Originally published: July 20, 2016
ALEJANDRA DUARTE was 19 weeks pregnant when she lost her baby. At the time, she was working 40 hours a week at a Central Massachusetts laundry facility, packing and pushing around large and heavy carts. When she found out she was pregnant, Duarte asked her supervisor to ease her load at work or move her to lighter duty. But instead, she was given more hours – 50 per week, and she had to take it or leave it. After working 10 hours on a Sunday, she felt a sharp pain in her belly. She had a miscarriage a few days after.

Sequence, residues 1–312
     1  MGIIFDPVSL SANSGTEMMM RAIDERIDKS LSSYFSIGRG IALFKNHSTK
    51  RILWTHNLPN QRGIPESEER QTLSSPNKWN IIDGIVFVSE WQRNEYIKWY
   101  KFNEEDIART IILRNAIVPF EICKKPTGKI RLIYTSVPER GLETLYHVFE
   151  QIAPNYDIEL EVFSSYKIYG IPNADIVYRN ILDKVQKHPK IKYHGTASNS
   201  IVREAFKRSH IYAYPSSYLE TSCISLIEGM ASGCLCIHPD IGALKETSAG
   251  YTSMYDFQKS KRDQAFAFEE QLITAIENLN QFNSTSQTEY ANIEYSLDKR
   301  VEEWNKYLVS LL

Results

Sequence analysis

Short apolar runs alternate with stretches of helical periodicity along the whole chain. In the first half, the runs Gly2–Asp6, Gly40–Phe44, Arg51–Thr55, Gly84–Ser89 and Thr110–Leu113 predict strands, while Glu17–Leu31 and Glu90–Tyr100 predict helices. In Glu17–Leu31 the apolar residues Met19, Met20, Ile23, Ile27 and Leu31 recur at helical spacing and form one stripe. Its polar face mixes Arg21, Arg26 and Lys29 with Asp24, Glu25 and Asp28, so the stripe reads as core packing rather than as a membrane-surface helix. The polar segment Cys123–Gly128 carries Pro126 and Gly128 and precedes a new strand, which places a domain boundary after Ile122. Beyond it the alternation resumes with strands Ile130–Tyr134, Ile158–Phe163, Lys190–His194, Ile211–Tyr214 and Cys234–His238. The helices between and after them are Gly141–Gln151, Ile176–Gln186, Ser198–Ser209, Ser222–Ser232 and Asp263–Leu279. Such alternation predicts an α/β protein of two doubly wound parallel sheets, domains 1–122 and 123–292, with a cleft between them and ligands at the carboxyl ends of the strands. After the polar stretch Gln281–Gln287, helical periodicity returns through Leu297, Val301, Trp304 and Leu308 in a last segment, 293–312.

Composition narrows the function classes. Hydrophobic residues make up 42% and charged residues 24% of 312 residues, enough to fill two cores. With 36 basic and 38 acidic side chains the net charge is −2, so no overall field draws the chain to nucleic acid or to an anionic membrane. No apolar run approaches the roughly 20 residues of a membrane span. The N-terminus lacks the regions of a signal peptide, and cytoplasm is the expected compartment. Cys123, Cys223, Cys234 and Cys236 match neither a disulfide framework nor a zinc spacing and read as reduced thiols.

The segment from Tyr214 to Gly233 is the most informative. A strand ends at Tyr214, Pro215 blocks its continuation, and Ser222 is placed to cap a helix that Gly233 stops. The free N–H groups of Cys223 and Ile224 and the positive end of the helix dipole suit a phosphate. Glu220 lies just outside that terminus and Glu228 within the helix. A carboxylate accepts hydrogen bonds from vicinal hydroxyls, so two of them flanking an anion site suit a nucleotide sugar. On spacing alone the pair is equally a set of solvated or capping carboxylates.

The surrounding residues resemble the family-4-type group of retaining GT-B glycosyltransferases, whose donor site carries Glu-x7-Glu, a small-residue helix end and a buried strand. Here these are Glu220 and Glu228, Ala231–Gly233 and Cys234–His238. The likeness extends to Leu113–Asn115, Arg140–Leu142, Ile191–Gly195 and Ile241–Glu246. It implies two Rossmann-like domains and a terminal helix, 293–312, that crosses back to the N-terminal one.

“I believe I lost my baby because I couldn’t afford to stop working. I even had to leave my baby at the hospital because I didn’t have $2,000 to bury him,” says Duarte. “I went back to work a week later because I still couldn’t afford to lose my wages.”